The artist twins, Ida Libby Dengrove and Freda L. Reiter, c. 1970s. Both worked as courtroom illustrators for the competing television networks of ABC and NBC.
Even in childhood, Freda Leibovitz and her mirror twin sister, Ida – one was left handed and the other right-handed – were acclaimed for skilled drawings from life; by age 12, they were spending summers selling portraits at the Cape May resorts on the Jersey Shore. In 1949, Freda (now using her husband’s last name Reiter) discovered courtroom illustration working first in black-and-white for the Philadelphia Inquirer and then switching to color pastels after moving to ABC-TV in 1966. Ida (now Dengrove) was hired by rival NBC-TV in 1972.
While the two twins had been close, working in direct competition for competing television networks became a stress on their relationship. According to family legend, tensions led to a complete break during the Watergate trials. The rupture was apparently brought on when the Associated Press asked defendant John Mitchell which of the two courtroom artists, Ida or Freda, he preferred. The Attorney General injudiciously replied that Ida was not only a much better artist but also looked ten years younger than Freda.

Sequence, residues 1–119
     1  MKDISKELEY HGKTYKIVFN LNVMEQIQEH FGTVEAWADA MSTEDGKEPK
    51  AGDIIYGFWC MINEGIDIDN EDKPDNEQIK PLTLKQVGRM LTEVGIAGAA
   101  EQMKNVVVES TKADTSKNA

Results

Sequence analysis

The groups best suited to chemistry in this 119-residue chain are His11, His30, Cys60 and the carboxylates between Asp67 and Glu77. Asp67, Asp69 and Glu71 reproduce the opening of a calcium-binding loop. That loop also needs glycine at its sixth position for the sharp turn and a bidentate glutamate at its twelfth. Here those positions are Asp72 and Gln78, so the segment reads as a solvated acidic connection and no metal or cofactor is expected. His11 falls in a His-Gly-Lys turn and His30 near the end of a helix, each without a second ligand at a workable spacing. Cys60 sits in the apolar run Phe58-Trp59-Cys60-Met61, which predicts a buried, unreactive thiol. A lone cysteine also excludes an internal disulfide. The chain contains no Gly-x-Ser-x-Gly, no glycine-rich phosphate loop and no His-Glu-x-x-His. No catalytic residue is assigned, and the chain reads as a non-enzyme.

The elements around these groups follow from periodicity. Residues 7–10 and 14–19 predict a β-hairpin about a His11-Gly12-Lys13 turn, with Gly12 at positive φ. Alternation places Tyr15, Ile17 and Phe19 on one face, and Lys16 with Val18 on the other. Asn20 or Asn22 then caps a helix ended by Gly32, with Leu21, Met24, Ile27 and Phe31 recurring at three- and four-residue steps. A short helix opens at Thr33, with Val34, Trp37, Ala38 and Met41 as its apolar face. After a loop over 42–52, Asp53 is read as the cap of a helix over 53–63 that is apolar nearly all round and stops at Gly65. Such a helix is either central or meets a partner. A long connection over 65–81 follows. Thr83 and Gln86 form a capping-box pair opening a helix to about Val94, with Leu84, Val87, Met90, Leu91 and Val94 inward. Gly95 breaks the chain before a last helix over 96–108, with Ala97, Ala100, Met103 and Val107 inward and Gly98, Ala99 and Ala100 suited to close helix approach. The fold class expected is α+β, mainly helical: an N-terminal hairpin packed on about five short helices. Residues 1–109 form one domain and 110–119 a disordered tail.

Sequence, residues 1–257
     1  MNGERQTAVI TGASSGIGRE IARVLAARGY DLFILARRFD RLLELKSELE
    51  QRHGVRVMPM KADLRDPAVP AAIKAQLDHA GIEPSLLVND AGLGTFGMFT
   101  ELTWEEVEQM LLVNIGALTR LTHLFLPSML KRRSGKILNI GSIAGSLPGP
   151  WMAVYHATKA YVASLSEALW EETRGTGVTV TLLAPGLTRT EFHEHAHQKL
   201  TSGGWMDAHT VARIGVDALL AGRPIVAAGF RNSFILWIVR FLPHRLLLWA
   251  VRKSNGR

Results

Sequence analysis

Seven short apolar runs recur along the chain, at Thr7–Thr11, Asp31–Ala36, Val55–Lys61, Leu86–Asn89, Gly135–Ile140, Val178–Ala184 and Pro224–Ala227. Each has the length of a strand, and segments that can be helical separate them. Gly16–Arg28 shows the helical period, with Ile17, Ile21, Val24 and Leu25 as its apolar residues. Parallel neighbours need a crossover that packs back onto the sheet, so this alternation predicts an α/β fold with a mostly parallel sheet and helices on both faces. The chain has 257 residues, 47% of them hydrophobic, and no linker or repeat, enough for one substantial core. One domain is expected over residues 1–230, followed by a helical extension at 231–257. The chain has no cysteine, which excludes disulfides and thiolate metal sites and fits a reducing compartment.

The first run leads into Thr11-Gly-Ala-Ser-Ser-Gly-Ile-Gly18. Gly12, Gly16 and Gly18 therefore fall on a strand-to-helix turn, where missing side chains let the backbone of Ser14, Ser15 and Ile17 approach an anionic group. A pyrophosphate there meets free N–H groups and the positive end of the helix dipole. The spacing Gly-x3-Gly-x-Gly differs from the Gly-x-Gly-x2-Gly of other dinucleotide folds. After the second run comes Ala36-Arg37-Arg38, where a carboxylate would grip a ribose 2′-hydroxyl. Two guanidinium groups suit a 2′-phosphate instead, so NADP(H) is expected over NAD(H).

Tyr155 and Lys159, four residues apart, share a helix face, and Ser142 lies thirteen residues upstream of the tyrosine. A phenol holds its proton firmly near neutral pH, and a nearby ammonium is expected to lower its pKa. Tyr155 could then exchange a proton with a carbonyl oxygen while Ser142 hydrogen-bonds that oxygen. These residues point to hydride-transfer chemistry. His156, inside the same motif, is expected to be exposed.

We won’t take sides about who was the better artist. Both women were at the top of their profession. Ida Libby Dengrove’s oeuvre is now housed in the collection of the Law Library of the University of Virginia. When Freda Reiter’s work went up for auction following her death in 1986, Gallery 98 acquired the collection of pastels that are now featured in this online exhibition of Watergate courtroom sketches.